Fig. 1. a) Specific Surface Area (SBET ) of the as-prepared materials and b) crystal size (dXRD ) of the as-prepared (solid lines) and spent (dash lines) PCM- (䊏), DI- (), and FSP-made (䊉) materials. c) SEM images of the spent P-Ce, P-CeCr15, I-CeCr15, and F-CeCr15.

S. Mostrou et al. / Applied Catalysis A: General 537 (2017) 40–49

Fig. 2. XRD patterns of a) as-prepared and b) spent materials. XRD patterns of P-CeCr15, I-CeCr15, and F-CeCr15 are magnified from 33 to 40◦ 2. The peaks correspond to CeO2 (, PDF 75-0076), Cr2 O3 (, PDF 76-0147), CeCrO3 (, PDF 75-0289) and Al2 O3 (PDF 50–1496).

ture (PDF 075-0289), quantified as 7 wt.% (F-CeCr15) and 10 wt.% (P-CeCr15 and I-CeCr15) based on pick intensity. Formation of CeCrO3 was observed also in spent Cr-doped ceria after WS [29]. During the formation of CeCrO3 , additional oxygen was released (Eq. (4)), e.g. up to 4.6 mL/g for a 10 wt% CeCrO3 /CeO2 . Typically, CeCrO3 re-oxidizes at 500 ◦ C in air to form CeO2 and Cr2 O3 [30]. The high content of CeCrO3 in the spent materials indicates that re-oxidation was not possible in the presence of water or carbon dioxide even at 800 ◦ C. Therefore, CeCrO3 was not unsuitable for WS or CDS. The remaining chromium species, less than 5 wt.%, whether in the form of Cr(III) or lower valence, were not observed by XRD. An alumina phase (Al2 O3 ) was present in the pure ceria samples, which originated from contamination with the reactor and sample holder material; such contaminations are unavoidable at 1500 ◦ C. The addition of chromium seams to suppress the contamination. 1500o C

2CeO2-ı (s) + Cr2 O3 (s) → 2CeCrO3 (s)+1/2O2 (g) low pO



The state of the chromium on the surface of the as-prepared materials was investigated with Raman spectroscopy (Fig. 3a). The main peak of ceria at 460 cm−1 is visible in all spectra, with a distinctive shift to the right in the FSP-made materials, which could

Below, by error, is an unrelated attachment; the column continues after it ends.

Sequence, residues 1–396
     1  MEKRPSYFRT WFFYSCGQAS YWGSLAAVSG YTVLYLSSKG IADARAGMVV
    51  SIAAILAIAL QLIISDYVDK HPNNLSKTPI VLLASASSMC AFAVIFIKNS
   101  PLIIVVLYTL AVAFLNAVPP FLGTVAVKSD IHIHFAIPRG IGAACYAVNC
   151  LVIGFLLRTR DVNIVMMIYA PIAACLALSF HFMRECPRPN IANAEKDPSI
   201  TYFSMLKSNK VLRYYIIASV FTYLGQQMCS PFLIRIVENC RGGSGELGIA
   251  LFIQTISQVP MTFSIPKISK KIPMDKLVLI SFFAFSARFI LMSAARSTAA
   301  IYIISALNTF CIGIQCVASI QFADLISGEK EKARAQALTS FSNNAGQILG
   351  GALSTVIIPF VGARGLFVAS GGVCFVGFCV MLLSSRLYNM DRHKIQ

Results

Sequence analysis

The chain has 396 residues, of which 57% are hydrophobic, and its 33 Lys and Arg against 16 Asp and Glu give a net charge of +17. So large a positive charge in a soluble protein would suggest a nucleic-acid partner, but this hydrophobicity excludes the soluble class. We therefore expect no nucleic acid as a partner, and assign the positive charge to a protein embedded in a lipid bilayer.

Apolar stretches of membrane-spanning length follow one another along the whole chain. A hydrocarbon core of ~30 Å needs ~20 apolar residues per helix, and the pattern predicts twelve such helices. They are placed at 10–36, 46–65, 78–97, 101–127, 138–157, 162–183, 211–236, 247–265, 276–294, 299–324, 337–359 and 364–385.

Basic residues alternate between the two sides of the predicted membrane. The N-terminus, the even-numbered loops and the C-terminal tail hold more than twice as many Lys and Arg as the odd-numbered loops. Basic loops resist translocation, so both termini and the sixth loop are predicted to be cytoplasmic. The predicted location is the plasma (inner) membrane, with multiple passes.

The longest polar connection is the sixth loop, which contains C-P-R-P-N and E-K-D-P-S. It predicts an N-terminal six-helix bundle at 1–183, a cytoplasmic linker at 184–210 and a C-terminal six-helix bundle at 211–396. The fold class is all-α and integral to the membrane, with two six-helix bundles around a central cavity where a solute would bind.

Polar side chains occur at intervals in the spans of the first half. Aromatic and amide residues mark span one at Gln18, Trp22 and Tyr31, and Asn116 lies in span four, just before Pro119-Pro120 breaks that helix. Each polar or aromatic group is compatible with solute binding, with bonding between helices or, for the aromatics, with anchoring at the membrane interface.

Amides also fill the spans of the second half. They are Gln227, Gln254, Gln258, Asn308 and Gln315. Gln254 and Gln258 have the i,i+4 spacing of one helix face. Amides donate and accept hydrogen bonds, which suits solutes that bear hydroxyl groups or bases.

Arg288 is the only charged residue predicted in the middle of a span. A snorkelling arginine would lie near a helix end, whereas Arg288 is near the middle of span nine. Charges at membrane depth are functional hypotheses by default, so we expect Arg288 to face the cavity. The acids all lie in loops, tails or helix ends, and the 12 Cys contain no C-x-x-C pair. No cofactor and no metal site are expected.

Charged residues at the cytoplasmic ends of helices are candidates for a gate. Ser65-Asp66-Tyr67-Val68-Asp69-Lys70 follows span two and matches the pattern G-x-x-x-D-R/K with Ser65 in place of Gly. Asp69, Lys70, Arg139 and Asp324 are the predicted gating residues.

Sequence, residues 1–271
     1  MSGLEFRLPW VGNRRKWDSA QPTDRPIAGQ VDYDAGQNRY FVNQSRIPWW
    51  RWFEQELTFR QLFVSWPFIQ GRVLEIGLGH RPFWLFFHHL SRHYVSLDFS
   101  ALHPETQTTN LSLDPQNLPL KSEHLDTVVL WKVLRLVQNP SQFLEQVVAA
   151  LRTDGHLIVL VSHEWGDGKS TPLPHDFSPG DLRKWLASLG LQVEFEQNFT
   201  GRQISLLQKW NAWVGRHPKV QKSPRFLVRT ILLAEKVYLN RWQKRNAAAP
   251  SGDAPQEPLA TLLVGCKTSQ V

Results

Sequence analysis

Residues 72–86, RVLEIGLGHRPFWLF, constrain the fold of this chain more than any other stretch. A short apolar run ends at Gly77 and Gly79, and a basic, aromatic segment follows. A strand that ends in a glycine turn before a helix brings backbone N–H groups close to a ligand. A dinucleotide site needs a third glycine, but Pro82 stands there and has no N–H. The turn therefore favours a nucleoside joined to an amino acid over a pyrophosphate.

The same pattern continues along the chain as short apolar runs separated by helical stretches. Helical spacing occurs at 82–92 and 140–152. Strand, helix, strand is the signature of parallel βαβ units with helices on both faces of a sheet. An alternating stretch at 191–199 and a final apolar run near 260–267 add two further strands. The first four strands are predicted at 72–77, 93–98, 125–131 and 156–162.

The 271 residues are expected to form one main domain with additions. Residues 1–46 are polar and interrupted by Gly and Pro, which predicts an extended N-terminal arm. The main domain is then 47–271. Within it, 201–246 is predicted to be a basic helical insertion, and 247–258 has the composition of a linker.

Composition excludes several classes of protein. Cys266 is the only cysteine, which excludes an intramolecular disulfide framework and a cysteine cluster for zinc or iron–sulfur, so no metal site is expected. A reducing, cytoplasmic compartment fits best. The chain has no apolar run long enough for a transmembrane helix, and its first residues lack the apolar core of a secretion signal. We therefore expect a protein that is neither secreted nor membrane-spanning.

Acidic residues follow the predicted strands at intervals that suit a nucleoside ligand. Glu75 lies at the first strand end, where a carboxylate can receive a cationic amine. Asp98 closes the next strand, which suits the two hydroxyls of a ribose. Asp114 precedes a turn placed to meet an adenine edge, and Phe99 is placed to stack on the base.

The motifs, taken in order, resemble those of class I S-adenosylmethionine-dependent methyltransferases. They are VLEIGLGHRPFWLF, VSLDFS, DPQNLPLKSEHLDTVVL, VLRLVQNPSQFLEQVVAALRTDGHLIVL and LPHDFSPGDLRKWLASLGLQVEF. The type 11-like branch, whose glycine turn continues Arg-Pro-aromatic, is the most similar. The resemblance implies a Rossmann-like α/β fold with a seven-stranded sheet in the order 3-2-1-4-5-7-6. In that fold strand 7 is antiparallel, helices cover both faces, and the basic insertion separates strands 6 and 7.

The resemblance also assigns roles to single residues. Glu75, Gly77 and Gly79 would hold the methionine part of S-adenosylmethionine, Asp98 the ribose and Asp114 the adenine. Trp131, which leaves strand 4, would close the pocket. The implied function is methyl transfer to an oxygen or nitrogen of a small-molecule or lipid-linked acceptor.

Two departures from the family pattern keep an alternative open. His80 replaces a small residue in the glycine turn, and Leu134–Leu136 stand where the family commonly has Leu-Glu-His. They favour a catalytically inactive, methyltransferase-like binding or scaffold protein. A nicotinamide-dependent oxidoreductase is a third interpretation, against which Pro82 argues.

Fig. 3. Raman spectra of a) as-prepared and b) spent materials. Commercial Cr2 O3 is presented as reference. The peak at 553 cm−1 corresponds to the Cr2 O3 phase and the peak at 842 cm−1 to chromate ion inside the CeO2 lattice.

imply incorporation of chromium in the ceria lattice. The peak at 842 cm−1 , observed only in the FSP-made powders and identified as lattice CrO4 2− , concludes that ceria was successfully doped by chromium [18]. The peak at 552 cm−1 in the P-CeCr15, I-CeCr15, and F-CeCr25 spectra was assigned to chromia, based on the Raman spectrum of pure chromia (commercial powder from Strem Chem.). The interpretation of the Raman spectra and the XRD patterns confirm that PCM and DI produce a mixture of chromium and cerium oxides and only FSP lead successfully to the addition of chromium into ceria lattice. Herein, a thermodynamic calculation could identify the optimal operation conditions for maximizing the non-stoichiometry (␦) [9]. PCM, which is a reliable method to synthesize doped ceria [22], did not work with chromium as the dopant. Chromia was probably formed during the calcination at 800 ◦ C: calcined Cr-doped ceria (F-CeCr15) exhibited the characteristic chromia peak in the Raman spectra, replacing the lattice CrO4 2− (Fig. S2). Calcination probably caused decomposition of CrO4 2− and leaching of chromium to the surface where chromia was formed.


S. Mostrou et al. / Applied Catalysis A: General 537 (2017) 40–49